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Use Visual Aids to Enhance ... Not Destroy ... Your Presentations
by Chris King

Visual aids can add a new dimension to our presentations. When used properly they will enhance our presentation and make it memorable. When used improperly, however, they will distract from our impact as presenters. They will not only bore and confuse our audiences, they will also put them to sleep.

I have attended more presentations than I even want to think about where the speaker somehow felt that he or she must use PowerPoint slides. It is a fabulous program and when used properly can spark up any presentation. However, only about 10 per cent of the presenters use it properly, so beware!

Use a variety of visual aids. We agree that visual aids will add a new dimension to our presentations, but which ones should we use. I suggest incorporating many. It will keep your presentation interesting and lively. Having flip charts around the room that audience participants move to for various feedback exercises that involve them; using slides with more graphics than words or even relative cartoons; posters; useful handouts; and props that serve as metaphors can all work together to hold attention.

Use PowerPoint with care. With the advent of high tech tools today, it is easy to turn to presentation programs like PowerPoint, use the templates, and voila! you have your whole presentation on slides. Yes, I have experienced many well executed and exciting presentations where the speaker made excellent use of this approach. I have also experienced more presentations where the speaker depended upon his/her slides for the whole presentation. They were loaded with too much information or too many animated distractions for us to understand what the speaker wanted us to take away from the presentation. Also, if you depend for your whole presentation on PowerPoint, that will be the day when something goes wrong and it doesn’t work. Always have a backup plan!

Keep it simple. The time-tested KISS (Keep It Simple Stupid) formula works for visual aids as well as our whole approach to speaking. First of all, if you must use words on a slide or overhead, use the rule of six-by-six: there should be no more than six lines of text on each slide and no line of text should have more than six words on it. This not only helps with making the important point, but also helps with visibility. A page of text on a slide or overhead can be a complete turn-off and the “kiss of death.”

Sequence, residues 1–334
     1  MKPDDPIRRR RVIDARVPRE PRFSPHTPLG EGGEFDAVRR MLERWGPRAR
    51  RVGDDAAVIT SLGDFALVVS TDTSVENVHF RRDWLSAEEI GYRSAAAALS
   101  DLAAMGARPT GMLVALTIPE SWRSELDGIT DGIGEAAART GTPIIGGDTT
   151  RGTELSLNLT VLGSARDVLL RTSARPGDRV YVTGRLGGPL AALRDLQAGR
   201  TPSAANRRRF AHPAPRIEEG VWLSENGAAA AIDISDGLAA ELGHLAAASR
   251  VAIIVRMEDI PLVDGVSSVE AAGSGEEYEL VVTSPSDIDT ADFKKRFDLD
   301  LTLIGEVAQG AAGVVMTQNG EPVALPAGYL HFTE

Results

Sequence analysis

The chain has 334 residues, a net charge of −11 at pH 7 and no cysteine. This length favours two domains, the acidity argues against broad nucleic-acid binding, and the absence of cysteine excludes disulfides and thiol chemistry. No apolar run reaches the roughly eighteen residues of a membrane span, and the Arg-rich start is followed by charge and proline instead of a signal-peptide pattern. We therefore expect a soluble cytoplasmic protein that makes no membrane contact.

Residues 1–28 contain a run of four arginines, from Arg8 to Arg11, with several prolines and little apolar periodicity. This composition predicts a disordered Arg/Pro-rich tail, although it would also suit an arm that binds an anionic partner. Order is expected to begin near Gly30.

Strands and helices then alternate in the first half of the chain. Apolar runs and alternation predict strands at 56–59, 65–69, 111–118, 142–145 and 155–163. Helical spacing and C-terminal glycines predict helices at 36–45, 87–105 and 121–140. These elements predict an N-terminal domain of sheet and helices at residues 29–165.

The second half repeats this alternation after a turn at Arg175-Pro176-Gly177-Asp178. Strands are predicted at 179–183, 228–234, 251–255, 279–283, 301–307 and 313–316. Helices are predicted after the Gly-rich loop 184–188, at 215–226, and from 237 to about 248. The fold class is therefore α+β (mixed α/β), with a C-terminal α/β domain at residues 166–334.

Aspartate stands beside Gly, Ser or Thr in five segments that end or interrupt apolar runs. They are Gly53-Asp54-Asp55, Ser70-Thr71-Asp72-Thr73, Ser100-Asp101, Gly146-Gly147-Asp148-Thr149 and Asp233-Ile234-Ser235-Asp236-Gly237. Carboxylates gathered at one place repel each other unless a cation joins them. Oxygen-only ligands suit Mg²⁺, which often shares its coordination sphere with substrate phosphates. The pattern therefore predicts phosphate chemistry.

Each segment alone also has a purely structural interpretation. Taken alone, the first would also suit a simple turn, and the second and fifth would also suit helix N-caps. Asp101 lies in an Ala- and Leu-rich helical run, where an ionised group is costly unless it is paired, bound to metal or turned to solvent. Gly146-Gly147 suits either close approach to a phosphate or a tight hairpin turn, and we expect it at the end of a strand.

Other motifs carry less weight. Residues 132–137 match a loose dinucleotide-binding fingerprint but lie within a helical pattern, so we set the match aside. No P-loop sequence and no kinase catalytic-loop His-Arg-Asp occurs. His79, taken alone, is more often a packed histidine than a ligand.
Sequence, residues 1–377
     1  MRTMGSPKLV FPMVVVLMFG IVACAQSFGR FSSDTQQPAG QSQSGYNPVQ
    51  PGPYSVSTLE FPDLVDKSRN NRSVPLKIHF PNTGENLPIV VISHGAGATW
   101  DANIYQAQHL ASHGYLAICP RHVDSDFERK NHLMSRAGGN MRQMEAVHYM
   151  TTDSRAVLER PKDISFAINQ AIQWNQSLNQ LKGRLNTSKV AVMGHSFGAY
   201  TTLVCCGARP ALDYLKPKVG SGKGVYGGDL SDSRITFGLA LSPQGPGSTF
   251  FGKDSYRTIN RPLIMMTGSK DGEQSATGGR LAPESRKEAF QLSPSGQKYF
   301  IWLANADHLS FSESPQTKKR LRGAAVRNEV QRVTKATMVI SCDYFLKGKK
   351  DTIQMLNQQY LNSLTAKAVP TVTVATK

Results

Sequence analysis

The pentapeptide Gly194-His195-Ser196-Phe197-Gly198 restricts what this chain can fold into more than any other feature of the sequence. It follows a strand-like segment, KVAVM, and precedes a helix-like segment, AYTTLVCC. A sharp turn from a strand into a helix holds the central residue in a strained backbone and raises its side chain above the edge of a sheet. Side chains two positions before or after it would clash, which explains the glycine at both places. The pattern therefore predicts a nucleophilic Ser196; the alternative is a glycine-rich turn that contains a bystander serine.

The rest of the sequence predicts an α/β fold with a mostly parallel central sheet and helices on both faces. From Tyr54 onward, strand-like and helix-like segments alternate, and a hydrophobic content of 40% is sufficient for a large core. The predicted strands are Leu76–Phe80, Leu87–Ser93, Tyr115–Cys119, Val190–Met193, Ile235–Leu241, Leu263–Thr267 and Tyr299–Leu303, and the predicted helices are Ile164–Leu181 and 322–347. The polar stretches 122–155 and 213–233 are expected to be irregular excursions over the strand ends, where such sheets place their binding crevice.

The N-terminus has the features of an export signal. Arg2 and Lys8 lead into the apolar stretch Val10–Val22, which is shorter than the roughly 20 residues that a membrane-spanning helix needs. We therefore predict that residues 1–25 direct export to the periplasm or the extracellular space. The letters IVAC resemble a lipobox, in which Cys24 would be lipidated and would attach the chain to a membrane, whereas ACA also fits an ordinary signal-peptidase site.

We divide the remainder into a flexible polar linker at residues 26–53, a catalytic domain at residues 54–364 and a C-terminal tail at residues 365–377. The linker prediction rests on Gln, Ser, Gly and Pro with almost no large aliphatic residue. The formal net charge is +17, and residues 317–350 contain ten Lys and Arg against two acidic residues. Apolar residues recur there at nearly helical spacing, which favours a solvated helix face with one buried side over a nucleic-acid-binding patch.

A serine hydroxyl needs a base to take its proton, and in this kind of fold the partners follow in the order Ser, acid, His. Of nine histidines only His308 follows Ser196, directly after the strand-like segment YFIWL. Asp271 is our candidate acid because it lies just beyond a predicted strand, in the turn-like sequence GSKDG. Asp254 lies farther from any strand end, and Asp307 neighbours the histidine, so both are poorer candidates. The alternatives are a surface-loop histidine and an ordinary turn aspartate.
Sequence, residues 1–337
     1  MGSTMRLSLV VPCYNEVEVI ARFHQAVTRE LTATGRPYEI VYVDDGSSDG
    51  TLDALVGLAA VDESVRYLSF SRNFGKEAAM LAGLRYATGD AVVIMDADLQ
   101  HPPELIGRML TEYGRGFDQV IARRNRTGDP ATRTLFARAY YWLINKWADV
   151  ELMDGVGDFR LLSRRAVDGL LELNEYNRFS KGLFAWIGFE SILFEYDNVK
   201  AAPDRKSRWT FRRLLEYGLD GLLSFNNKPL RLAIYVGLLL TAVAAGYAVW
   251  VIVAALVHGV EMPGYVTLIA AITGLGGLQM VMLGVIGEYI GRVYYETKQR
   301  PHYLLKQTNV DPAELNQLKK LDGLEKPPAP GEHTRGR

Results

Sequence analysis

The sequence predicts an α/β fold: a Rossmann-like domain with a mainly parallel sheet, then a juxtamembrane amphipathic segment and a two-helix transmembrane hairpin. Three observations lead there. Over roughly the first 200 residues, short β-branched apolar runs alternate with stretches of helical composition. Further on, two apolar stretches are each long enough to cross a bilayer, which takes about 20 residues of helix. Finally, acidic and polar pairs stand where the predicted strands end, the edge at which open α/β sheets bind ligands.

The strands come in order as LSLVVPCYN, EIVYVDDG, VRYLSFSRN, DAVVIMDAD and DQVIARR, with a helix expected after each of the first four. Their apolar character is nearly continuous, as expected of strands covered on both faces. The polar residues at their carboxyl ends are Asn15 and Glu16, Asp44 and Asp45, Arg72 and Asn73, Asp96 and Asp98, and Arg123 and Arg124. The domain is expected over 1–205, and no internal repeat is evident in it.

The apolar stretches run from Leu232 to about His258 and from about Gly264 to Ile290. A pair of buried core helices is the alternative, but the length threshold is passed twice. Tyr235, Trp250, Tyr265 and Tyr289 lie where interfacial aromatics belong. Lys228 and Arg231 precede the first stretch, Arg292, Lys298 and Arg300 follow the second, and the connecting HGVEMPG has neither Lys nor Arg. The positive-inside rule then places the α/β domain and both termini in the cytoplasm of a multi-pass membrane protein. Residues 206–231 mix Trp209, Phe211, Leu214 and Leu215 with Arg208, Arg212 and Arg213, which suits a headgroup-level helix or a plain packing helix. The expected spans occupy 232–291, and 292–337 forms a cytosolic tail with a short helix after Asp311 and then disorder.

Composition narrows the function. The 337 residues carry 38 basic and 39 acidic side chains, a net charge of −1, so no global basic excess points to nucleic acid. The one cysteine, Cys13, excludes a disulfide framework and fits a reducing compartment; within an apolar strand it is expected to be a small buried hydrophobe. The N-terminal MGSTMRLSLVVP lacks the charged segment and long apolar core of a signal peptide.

Master the use of projected images. Whether we are using a high tech program, a slide projector, or an overhead projector, we should handle these professionally. First, know your stuff — don’t face the image, having the back of your head to the audience members as you read to them. If you have extra material to share in between images, turn off the image, or cover it with a sheet of paper, so that the attention is on you. Don’t walk in front of the projection, so that your silhouette appears on screen. All of these faux pas scream “amateur.” If there is any way to avoid turning off the lights — dimming certain lights might be an alternative — do it. When a room is darkened, it is almost an invitation to participants to take a nap.

Prepare the space for your visuals. I can’t stress enough the importance of arriving early for every presentation, and if there is any way possible to prepare the room where you will be presenting, take it over and do it. If the visuals don’t work, or if the participants can’t see them, or if the setup makes everyone uncomfortable, it will be you, the presenter, who is blamed, not the people who initially set up the room. Be assertive and make it work. If you have to call for people to help or for an extra stand or table, do it. I know one speaker who arrives more than an hour early, checks everything, and even tapes off the back rows, so people need to sit up front. He even tapes the doors, so that if attendees show up late, the sound of doors opening and closing won’t be distracting.

Practice, practice, practice with your visuals. Besides the initial preparation of the visuals, spend many hours before your presentation practicing the use of your visual aids. The added anxiety of the actual presentation can add to making us appear unfamiliar or “klutzy” which will be distracting. Being ready will make visual aids fun and invigorating for both you and your participants.

Go for it!







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